The National Garden of the Tuileries

Les promenades du Palais des Tuileries
Les promenades du Palais des Tuileries

Created in the 16th century, the garden of the Tuileries palace was solely reserved for the royal family and its court. Then, in the 17th century, it was opened only for a privileged few. “Honest people” could be seen here amongst the statues that were gradually installed during the Enlightenment. With the French Revolution, attendance became democratized and in 1793 it became the “national garden”: a place where Parisians could get fresh air, as well as a site for celebrations and ceremonies.

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Benches for the Festival of the Supreme Being (exedra in white marble near the Concorde entrance)

These semi-circular benches are the last vestiges of a rather curious revolutionary festival, which took place on June 8, 1794. On this day, the National Garden of the Tuileries hosted the Festival of the Supreme Being. An imposing statue of Atheism was burned in a roar of firecrackers and rockets created by the famous pyrotechnist Ruggieri. Participants then had to follow, up to the Champ-de-Mars, a great chariot pulled by four bulls, symbolizing the breadth of France’s arts, trades and goods. There, they proclaimed their faith in the Supreme Being and the immortality of the soul and took an oath to the Republic. The painter Jacques-Louis David had successfully staged Robespierre’s idea: establish a new Republican religion in order to create a closer bond between the French people and the Revolution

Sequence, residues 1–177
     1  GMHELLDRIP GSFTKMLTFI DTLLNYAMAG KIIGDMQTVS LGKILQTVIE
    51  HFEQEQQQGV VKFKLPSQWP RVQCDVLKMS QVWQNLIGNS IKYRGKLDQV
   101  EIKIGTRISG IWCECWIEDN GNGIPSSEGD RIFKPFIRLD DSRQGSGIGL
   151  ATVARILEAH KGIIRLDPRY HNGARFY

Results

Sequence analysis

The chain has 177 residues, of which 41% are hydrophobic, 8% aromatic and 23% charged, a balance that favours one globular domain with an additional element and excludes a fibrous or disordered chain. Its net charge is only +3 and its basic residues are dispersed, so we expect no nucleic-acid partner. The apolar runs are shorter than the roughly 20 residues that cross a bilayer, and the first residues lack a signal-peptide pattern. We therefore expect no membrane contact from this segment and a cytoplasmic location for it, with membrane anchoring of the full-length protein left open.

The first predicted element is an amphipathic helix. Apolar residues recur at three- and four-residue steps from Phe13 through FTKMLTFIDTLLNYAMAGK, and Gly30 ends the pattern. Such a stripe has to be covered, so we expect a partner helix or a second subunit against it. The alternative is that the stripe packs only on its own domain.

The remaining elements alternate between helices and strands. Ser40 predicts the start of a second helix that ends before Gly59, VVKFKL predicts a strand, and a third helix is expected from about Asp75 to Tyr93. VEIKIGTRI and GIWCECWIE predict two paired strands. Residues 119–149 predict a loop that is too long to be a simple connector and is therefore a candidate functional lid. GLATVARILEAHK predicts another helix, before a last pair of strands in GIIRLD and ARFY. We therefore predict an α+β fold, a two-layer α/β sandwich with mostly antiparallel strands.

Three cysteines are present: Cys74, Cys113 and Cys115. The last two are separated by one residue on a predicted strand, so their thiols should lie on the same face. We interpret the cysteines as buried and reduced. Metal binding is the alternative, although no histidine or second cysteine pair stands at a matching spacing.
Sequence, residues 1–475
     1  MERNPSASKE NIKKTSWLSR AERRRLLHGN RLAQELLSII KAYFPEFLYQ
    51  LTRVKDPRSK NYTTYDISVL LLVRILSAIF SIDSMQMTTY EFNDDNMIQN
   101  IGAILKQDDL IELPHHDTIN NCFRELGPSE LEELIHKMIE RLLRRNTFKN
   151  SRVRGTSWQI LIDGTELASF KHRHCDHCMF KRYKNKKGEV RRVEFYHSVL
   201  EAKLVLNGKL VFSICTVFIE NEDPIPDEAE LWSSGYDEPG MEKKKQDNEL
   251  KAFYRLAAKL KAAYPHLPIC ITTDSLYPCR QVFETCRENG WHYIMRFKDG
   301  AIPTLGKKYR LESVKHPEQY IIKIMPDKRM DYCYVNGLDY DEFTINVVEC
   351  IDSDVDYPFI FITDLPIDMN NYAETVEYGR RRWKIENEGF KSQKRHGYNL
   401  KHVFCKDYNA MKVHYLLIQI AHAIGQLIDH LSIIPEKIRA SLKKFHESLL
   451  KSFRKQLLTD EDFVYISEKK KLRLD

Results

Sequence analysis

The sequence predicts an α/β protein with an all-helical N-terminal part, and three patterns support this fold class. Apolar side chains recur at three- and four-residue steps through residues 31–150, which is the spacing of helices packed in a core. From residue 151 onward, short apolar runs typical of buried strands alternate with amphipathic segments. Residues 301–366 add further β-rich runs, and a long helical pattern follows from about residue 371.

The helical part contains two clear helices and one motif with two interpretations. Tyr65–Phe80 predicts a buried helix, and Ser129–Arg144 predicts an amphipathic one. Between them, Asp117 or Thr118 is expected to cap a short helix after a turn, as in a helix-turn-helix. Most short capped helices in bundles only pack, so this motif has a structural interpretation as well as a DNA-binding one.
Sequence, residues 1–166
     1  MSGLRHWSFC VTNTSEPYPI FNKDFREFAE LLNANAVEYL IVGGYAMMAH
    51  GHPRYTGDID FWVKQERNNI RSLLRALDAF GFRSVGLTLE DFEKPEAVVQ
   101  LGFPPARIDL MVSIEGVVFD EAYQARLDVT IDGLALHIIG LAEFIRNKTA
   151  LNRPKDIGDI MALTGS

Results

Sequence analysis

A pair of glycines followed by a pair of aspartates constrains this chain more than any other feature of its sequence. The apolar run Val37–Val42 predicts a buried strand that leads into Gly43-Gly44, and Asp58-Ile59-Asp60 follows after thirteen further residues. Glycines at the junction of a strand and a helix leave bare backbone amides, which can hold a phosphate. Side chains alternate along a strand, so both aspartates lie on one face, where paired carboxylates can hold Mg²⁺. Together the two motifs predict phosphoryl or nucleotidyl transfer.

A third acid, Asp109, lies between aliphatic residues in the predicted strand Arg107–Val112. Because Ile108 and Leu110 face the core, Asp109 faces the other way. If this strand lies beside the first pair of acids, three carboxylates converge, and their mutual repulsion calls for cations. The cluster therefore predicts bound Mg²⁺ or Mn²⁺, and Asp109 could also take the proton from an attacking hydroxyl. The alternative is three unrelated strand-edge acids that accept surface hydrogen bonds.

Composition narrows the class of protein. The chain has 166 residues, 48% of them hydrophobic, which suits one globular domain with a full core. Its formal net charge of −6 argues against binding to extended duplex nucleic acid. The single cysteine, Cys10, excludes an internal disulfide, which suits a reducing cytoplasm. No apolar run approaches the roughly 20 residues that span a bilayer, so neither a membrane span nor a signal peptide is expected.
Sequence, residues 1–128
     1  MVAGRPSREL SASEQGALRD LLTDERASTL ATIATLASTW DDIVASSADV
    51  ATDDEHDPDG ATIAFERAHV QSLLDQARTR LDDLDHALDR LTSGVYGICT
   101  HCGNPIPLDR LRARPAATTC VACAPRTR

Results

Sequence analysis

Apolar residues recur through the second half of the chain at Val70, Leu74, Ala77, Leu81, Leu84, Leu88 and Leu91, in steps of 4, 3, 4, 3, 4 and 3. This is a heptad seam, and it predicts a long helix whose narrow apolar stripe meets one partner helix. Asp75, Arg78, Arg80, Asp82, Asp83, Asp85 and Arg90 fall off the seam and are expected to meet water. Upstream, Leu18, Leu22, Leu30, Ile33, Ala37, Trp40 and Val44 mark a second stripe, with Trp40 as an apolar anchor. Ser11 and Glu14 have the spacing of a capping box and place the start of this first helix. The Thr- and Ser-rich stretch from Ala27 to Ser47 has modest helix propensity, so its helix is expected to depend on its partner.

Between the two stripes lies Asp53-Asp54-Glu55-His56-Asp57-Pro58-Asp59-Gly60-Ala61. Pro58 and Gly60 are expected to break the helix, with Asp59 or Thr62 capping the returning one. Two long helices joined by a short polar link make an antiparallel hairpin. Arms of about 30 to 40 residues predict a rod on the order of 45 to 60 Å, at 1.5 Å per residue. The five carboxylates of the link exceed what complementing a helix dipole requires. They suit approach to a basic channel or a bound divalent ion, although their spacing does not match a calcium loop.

The most famous sans-culotte of his time: Claude Lazowski

What a turnaround for the Place du Carrousel! Today, dedicated to Napoléon Bonaparte, it was, during the Revolution, dedicated to two radical revolutionaries: Claude Lazowski being one of them. After having occupied certain roles under the Ancien Régime as a production inspector and an inhabitant of the rue Mouffetard, this man, with Polish ancestry, played a major role in the storming of the Tuileries. On April 28, 1793, he was given the right to a public funeral: his remains were buried where the fighting took place on August 10, 1792, under a tree of Liberty. A large pyramid was built on site. Three months later, in July 1793, it also received the ashes of the deputy and journalist Marat, who had just been assassinated.

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